6. Reducing toxic exposure- clean household products, kitchenware, beauty products, etc.
  7. Drinking adequate fluids.

Basically, the past two years I have been taking exceptionally good care of myself.


When I tell you that “I finally feel like a healthy person,” I have to put things into perspective and make some clarifications.  What I mean by “healthy” is that my symptoms are well-controlled.  It is similar to the saying “putting an autoimmune disease in remission.”  If I went out and abandoned all of my healthy behaviors for an extended period of time, I would surely wind up back where I started.  The susceptibility is still there.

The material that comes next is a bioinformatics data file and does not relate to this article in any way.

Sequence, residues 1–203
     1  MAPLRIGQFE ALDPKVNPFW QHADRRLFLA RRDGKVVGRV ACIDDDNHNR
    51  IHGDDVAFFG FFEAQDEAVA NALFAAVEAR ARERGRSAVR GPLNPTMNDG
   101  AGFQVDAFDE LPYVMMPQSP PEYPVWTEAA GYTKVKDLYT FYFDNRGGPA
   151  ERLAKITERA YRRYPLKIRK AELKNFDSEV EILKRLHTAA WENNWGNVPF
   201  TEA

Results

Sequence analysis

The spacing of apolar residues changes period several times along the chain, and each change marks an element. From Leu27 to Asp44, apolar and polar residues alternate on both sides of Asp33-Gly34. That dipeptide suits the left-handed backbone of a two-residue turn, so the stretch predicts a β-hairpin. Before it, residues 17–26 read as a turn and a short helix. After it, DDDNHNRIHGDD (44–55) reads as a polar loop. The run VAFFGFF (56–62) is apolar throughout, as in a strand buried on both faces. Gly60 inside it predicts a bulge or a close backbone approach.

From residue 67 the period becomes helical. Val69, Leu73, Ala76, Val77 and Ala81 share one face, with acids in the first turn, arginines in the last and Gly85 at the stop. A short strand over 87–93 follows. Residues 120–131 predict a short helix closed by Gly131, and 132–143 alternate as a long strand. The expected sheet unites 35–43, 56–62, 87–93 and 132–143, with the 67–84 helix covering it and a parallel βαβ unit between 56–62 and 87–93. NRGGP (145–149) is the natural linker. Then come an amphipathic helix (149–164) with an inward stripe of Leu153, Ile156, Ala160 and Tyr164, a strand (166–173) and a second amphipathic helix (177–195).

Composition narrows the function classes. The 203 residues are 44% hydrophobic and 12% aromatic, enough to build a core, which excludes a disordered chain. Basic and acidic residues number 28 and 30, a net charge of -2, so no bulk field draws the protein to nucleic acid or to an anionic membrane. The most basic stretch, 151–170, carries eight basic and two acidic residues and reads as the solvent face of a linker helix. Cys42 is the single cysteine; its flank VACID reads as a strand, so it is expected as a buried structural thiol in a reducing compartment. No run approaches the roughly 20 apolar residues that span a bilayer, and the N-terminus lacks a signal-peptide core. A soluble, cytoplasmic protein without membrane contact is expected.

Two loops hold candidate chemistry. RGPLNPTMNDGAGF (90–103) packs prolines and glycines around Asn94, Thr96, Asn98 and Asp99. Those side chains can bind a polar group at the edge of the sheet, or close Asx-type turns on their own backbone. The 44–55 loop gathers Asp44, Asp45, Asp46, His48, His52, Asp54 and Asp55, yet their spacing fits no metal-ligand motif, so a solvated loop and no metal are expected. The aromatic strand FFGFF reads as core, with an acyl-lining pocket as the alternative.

The majority of my meals are still prepared at home using foods that I am more likely to tolerate, but I can also frequently enjoy meals out with friends.  I can even get away with an occasional late night here and there (and by that I mean home by midnight).  And I can do these things with zero or minimal symptomatic repercussions.

I think it would help paint the picture by sharing the symptoms that I have seen improve over the past two years. It is not to say that I no longer get any of them, but some are completely gone while others appear infrequently and I have simple remedies for making them go away.

Here’s the list of symptoms/conditions that have improved as my gut has healed:

  1. Itching
  2. Flatulence
  3. Constipation
  4. Food sensitivities
  5. Psoriasis
  6. Menstrual cramps
  7. Migraines
  8. Acne
  9. Fatigue
  10. Abdominal pain
  11. Seasonal allergies
  12. Chronic muscle pain